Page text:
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Thursday, 08 November 2012 15:35

Tornado Hunter will speak at Great Plains College fundraiser

Written by  Jessi
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When professional photographer Greg Johnson started up his business more than a decade ago, he never imaged one day he’d be earning his living chasing storms across the North American plains.


Now, the Tornado Hunter uses his talents to document some of the most destructive natural forces on the planet.
“During the time that I was working as a photographer, I really fell in love with storms and with the prairies as a photographic subject, especially the lightning,” Johnson explained. “A couple of years ago, I decided to look into the idea of storm chasing full time, and it turned out that no one else was doing it in Canada.”
Johnson will speak at Great Plains College Nov. 14, at noon. Tickets for the luncheon are $30, and proceeds from the event go to support the Wind Turbine Maintenance Technician program at the college.
Tickets are available at Great Plains College, or by phoning 306-778-5460.
Johnson sold his business and now kicks off storm season in Texas in the early spring, travelling through Oklahoma, Kansas, Missouri, Nebraska, and Iowa  — experiencing all of the plains, not just Canada.
He admitted some of the most impressive storms are right here at home.
“Saskatchewan is great for storm chasing,” he said. “The gridded road network is just awesome, and the lack of trees is fantastic. During June and July, Saskatchewan really does see some of the best storms on the plains.”
Johnson has had the unique opportunity to experience many of them up close, especially this past summer. On July 1st, Saskatchewan set a record with more than 800,000 lightning strikes in one day. Johnson noted some of his favourite shots of the year were taken during that event.
“We also had a really big tornado outbreak this June and July, with 35 tornadoes this year in Saskatchewan,” he added. “I got to see about a dozen of those up close, and that was a pretty amazing experience. They are by far the fastest wind speeds on the planet, and they are such an elusive and rare phenomenon. Few people get to witness it, so to be able to capture it and share it with people is a really cool thing to do.”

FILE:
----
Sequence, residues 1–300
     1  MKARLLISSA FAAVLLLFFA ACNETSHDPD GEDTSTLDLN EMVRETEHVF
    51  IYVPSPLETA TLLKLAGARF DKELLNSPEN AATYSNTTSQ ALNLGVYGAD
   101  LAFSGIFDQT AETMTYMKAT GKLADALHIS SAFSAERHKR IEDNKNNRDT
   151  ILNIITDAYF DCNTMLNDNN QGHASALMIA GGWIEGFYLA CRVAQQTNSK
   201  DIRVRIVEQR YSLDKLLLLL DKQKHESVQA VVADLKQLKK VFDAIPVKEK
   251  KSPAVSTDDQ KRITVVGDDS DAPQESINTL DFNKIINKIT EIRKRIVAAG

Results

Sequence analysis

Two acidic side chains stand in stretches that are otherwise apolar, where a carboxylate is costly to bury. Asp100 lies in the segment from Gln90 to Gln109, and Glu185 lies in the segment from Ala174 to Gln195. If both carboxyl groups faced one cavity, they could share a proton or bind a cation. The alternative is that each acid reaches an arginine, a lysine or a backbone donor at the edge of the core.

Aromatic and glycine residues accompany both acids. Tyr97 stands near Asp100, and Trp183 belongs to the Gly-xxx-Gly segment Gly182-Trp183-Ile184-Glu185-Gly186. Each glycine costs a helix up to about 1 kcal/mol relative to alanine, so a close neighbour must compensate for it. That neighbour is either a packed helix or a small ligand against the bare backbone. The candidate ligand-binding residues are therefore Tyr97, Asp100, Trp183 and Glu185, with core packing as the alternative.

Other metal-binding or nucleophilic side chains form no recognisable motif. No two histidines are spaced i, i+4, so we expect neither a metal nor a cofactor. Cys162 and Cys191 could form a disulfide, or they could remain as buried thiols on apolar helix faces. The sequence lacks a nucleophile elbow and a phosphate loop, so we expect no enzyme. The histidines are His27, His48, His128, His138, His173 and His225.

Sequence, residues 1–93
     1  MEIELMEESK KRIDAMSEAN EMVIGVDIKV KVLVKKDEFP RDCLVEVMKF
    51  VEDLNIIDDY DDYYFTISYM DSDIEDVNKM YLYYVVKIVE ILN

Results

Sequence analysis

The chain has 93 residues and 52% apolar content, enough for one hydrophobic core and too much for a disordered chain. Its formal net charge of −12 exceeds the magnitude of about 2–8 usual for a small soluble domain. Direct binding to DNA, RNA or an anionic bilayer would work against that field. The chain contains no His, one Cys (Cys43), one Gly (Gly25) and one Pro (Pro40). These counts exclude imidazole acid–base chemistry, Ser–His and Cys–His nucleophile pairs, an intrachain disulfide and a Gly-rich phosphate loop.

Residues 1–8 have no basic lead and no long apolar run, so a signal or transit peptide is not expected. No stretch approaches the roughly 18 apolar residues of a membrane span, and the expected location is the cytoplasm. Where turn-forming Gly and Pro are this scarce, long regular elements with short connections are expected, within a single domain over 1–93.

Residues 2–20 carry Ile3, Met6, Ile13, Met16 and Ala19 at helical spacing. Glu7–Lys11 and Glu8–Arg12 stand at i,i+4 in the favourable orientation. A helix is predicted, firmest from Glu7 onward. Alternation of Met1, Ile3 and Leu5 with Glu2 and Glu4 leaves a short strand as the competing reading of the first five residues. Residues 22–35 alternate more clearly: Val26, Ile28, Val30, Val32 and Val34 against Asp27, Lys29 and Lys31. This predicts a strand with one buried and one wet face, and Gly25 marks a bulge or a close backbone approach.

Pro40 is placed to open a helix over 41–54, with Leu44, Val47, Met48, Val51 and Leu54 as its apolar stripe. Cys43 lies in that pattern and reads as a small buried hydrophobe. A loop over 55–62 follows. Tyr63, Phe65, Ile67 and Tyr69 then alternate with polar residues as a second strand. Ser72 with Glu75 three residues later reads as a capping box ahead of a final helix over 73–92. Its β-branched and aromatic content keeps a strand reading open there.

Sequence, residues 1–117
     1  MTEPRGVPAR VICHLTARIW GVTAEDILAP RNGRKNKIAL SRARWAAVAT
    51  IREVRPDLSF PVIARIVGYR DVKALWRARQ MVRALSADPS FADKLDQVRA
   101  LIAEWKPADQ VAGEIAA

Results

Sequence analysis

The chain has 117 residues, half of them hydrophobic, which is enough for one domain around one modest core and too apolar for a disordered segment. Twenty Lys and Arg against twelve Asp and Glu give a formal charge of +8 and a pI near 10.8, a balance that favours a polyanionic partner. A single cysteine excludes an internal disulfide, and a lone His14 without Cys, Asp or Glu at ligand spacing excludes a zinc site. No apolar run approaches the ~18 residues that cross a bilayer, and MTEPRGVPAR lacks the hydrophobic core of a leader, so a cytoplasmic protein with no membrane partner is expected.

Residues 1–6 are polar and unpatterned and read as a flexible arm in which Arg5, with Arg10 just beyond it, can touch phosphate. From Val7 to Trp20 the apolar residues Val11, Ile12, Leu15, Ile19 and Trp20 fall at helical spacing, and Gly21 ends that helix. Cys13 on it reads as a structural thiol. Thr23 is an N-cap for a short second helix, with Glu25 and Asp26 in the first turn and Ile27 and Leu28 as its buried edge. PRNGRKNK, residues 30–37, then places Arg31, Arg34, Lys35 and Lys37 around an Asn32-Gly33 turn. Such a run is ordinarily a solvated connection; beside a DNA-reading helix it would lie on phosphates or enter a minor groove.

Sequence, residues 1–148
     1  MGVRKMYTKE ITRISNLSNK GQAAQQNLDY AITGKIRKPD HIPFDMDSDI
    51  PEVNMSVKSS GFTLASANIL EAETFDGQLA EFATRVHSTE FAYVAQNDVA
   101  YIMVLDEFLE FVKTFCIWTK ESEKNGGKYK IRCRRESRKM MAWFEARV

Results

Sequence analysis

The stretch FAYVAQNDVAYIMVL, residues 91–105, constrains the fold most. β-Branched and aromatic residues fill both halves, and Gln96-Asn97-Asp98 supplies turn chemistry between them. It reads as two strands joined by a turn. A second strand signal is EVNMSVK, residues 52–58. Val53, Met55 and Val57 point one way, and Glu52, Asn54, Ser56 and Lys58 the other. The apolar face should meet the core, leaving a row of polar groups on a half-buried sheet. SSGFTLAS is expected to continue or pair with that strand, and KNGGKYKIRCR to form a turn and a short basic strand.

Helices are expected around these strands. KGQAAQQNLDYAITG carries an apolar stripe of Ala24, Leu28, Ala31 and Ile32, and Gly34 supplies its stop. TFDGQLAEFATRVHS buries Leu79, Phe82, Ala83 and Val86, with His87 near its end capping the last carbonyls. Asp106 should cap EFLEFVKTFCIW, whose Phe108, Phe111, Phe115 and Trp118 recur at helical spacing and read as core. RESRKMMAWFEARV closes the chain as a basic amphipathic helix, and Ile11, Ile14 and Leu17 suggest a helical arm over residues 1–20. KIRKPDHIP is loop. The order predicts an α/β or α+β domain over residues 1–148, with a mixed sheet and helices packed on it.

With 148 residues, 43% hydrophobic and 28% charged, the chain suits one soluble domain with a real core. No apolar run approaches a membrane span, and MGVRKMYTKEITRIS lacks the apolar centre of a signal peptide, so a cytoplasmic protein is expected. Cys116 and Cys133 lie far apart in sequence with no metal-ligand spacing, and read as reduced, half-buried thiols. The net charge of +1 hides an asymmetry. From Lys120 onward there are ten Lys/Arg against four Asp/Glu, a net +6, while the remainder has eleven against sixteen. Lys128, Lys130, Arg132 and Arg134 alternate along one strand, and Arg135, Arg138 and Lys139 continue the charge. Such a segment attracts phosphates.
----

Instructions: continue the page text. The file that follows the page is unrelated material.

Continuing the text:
However, Johnson has also seen the devastation these impressive storms can leave behind.
He experienced the F5 tornado that tore through Joplin, Missouri in May of 2011, and admitted it was a scary one.
“That was a billion-dollar disaster, and it is trulyawe-inspiring how powerful nature can be,” he said. “There is definitely an adrenaline component involved with what I do, and it’s a pretty crazy thing to see barns explode from 300 yards away.”
Combining his passion for storm chasing with his love of public speaking, Johnson enjoys telling people about his experiences. He also talks about legacy, that how we live our lives is what gets passed on to our children. He uses storm chasing as a bit of a metaphor to tie the themes together.
“People find what I do really interesting, but there’s not a lot of people who can really speak about it,” he explained. “They like to hear about tornadoes, and I like to be in front of a crowd, sharing those experiences. It seems to be a pretty popular topic.”

Read 1436 times Last modified on Friday, 09 November 2012 09:20